As in Angamaly Diaries, food is central to the narrative in Jallikattu. From bloody, red cuts of meat that are carried even to the church, to Kuriachan's (Jaffer Idukki) elaborate description of the feast he wants for his daughter's wedding (even as she's flirting with another man over the phone - eating and mating in the same frame), the film articulates the obsession that humans have with food. Same as animals but only greedier. Lijo intersperses the narrative with shots of other beings engaged in similar pursuits, forcing us to zoom out of the human drama and look at the larger canvas. And he keeps humans vulnerable to Nature's vagaries, same as the inhabitants of the jungle. When the buffalo is trapped, it is the rain which comes to its aid, equalising the playing field.
Antony does not want Kuttachan to capture the escaped buffalo. In his head, getting the buffalo would mean that he's a better man than Kuttachan, who's the crowd favourite to execute the task. Kuttachan, meanwhile, has an old score to settle with Antony and it is this which really brings him back to the village and not the buffalo. When Antony succeeds in trapping the buffalo, he's not ready to stop. He must also slaughter it to prove that he's the real victor.
On the pretext of going to get a rope from Varkey's to haul the buffalo up from the pit where it has fallen, he makes a move on Sophie who's at home. When Antony tries to kiss her forcefully, he makes only guttural, animal noises, as if language has failed him. Sophie, who resists at first, then tells him that she wants the best cuts of meat, as if she too now acknowledges who the alpha male is. In Shakespeare's Othello, the villain Iago describes sexual intercourse as "making the beast with two backs" - the description is so literal, puncturing the lofty "civilised" ideas of love, romance and passion, that its honesty makes the line sounds astonishingly poetic.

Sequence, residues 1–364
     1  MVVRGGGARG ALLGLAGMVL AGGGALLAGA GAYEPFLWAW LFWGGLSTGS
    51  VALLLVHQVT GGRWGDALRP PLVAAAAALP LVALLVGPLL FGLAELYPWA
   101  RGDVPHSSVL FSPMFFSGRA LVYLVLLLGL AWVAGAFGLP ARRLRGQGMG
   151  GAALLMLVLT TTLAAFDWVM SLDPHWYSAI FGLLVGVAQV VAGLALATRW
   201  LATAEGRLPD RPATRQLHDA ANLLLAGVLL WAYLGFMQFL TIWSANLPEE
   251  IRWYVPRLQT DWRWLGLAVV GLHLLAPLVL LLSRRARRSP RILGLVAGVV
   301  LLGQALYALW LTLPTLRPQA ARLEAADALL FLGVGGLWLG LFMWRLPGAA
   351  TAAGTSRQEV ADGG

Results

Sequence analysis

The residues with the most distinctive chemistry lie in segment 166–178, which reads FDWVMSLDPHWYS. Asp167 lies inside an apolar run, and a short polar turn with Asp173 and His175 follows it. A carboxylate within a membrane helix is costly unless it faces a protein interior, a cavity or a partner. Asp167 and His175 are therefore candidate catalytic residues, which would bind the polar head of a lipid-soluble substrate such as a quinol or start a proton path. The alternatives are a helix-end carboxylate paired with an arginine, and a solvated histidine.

Later, when Antony and Kuttachan are involved in an intense fight, both men only make animal sounds, making the transformation from man to beast complete.
The film's stunning climax, where the hunters form a human pyramid, madly throwing themselves on the pile, having forgotten what they're really chasing, ends on an ambiguous note. Did the buffalo escape and find itself outside the house of the bedridden (and thus emasculated) old man? Or is it Antony who becomes the buffalo torn down by the hunters who can't distinguish between humans and animals any more? There's a hint of the latter interpretation earlier when Kuttachan tells one of the men that human meat is the tastiest, much to the listener's horror.
In the end, Lijo leaves us with images of men in animal skins exulting over the meat that they have in their hands - is it that of another animal or have they killed one of their own? Is there an 'another' and an 'own' at all?
The excellent soundscape of the film (Prashant Pillai) creates a frighteningly immersive environment where the audience is dragged into the screen to become a part of the sloughing of civilisation. Jallikattu means 'bull-taming', a sport where a man, a superior form of life, establishes his manhood by controlling an animal. But what the film really does is to expose the lack of difference - an explanation for the moments when there's a slip... a stampede, a lynching, a riot... when we collectively forget that we have schools, colleges, offices, malls, restaurants, theatres, cellphone towers, and like crabs, we climb over each other, tasting the blood because it feels so good to give up the pretence at last.